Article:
The July 12-July 18 edition of Bloomberg Business Week, a general business magazine tellingly swallowed recently by a speculator’s news wire, is running a multiply useful story on the ongoing hoarding of cash among the overclass.
Flush with more cash than they have had stashed in at least a half-century, it seems the investing stratum faces the harrowing prospects of only getting investment returns “in the low single digits” and, due to Great Depression III, is “as confused as the rest of us”* about how they’re going to escape that fate.
See? We really are all in this together. Doesn’t this situation sound oh so familiar, fellow Joe and Jane Sixpacks? We have record amounts of money on hand right now, don’t we, but face the prospect that it might only grow slowly, if we just sit around and do nothing. Right? Thank God we don’t have classes in America!
Meanwhile, in case you were needing a confirmation straight from the horse’s mouth, this BBW article also includes a quote from a hedge fund manager on what exactly hedge funds and Wall Street brokerages do:
Max Trautman, a former Goldman Sachs proprietary trader who co-founded London-based Stoneworks Asset Management in 2006, is now paring his $460 million fund’s market exposure. “We’re trying to reduce risk by downsizing our trades,” he says. “It’s not that we have stopped taking views, but we’re just putting less risk in them.”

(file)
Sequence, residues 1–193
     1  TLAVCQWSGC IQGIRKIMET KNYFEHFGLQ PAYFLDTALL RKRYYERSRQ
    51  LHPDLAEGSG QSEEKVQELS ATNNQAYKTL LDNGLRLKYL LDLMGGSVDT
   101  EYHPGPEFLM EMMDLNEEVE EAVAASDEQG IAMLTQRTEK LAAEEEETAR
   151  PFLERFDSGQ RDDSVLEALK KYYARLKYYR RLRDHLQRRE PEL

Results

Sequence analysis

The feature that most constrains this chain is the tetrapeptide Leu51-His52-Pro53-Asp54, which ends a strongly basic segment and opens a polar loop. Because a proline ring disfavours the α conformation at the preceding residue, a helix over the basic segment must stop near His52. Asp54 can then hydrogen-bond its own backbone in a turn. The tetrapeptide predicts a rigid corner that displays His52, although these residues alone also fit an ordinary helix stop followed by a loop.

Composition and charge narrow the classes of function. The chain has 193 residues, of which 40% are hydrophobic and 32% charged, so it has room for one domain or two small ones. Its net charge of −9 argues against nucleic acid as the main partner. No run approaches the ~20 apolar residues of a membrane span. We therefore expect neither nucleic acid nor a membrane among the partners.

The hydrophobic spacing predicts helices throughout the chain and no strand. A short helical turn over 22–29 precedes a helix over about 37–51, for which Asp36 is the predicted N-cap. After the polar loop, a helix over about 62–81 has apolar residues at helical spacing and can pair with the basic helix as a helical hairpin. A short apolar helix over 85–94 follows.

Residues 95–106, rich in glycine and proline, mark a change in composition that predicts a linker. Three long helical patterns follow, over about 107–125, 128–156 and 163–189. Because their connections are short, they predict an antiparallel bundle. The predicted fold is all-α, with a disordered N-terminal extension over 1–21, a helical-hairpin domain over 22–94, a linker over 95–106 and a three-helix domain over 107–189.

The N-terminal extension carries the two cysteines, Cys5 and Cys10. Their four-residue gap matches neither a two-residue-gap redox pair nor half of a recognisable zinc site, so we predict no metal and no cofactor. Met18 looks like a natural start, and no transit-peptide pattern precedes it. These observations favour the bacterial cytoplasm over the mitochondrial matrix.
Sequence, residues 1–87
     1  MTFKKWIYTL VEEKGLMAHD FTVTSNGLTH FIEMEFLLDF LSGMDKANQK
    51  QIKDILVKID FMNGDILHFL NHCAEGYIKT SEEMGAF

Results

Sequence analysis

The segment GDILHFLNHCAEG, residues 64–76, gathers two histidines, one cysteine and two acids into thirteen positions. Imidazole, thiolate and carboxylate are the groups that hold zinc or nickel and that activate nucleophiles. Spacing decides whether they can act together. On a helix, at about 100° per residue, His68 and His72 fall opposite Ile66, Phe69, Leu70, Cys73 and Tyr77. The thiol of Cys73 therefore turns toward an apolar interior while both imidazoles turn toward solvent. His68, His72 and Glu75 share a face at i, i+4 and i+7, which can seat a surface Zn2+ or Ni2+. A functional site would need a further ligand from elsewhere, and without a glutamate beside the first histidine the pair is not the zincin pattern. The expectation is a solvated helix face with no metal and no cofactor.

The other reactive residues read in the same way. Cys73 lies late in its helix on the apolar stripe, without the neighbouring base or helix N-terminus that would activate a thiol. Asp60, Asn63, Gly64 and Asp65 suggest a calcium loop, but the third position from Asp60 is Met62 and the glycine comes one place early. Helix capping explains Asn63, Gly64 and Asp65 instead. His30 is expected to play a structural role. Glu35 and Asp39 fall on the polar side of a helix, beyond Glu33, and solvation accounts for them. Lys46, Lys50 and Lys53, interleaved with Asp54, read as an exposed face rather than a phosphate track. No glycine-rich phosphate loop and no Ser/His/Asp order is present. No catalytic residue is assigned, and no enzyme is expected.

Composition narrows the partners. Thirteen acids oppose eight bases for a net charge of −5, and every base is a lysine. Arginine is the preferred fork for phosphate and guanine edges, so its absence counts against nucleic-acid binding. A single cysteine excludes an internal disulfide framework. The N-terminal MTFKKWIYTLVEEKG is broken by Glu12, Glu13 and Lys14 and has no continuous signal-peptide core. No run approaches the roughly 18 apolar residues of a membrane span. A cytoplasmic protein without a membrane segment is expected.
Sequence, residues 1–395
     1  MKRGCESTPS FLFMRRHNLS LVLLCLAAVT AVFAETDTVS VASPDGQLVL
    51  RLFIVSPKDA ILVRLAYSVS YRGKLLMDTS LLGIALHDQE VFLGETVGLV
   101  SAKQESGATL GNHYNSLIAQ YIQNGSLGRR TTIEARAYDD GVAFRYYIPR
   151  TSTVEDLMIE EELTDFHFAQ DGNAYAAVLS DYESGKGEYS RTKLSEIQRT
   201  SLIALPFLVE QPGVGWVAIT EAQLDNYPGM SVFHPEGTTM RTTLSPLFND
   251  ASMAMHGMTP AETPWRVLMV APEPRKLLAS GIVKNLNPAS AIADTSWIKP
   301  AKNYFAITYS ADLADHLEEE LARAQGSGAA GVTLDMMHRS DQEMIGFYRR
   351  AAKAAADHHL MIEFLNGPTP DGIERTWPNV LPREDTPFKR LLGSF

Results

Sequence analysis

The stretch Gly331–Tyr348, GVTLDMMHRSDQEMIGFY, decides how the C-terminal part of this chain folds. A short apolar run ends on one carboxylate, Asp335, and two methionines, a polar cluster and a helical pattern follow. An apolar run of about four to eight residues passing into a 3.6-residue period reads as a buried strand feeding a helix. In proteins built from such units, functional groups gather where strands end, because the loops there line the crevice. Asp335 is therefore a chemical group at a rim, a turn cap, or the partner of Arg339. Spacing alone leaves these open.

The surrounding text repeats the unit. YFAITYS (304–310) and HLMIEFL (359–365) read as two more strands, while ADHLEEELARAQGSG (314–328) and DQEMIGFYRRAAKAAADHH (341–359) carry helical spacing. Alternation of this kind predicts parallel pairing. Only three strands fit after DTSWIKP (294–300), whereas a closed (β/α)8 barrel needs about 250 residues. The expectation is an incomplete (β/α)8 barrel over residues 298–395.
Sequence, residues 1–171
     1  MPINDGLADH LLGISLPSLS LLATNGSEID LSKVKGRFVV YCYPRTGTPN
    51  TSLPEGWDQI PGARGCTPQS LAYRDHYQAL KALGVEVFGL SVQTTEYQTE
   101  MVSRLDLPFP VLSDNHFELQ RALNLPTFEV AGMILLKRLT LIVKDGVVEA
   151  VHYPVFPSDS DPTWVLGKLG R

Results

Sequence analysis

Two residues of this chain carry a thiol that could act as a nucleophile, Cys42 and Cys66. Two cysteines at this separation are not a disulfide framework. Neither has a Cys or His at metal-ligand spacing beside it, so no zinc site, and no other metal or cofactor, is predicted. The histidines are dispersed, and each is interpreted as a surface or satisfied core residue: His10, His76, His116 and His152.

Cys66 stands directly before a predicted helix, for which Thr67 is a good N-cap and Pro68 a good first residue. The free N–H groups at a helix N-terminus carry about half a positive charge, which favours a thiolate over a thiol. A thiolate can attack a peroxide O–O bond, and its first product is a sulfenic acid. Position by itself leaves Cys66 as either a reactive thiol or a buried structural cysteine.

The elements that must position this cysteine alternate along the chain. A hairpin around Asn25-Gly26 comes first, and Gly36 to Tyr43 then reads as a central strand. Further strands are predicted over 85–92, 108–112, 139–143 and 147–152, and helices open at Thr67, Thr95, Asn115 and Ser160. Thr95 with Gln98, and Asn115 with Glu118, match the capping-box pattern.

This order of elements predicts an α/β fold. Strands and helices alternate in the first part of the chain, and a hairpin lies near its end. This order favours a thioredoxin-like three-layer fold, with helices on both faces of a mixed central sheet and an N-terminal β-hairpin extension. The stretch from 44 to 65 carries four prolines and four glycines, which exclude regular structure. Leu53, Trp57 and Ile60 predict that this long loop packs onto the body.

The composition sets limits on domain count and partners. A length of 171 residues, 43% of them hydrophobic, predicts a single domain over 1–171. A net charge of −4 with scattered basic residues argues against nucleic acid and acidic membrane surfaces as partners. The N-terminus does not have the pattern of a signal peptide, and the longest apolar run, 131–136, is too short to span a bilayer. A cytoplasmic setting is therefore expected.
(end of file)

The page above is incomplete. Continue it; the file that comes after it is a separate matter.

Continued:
So… “taking views” expressed with money on “risk.” In my house, that’s called a wager.
And this is the system that claims it is the best of all possible ways of allocating scarce resources…
*It might be suggested that not everybody is confused. Some of us, perhaps even most of us, might merely be excluded and ignored. As a reggae band named for a British unemployment benefits form once sang,
As always you were wrong again
To us a little seems a lot
Don’t turn your back on desperate men
Cause we can see how much you’ve got…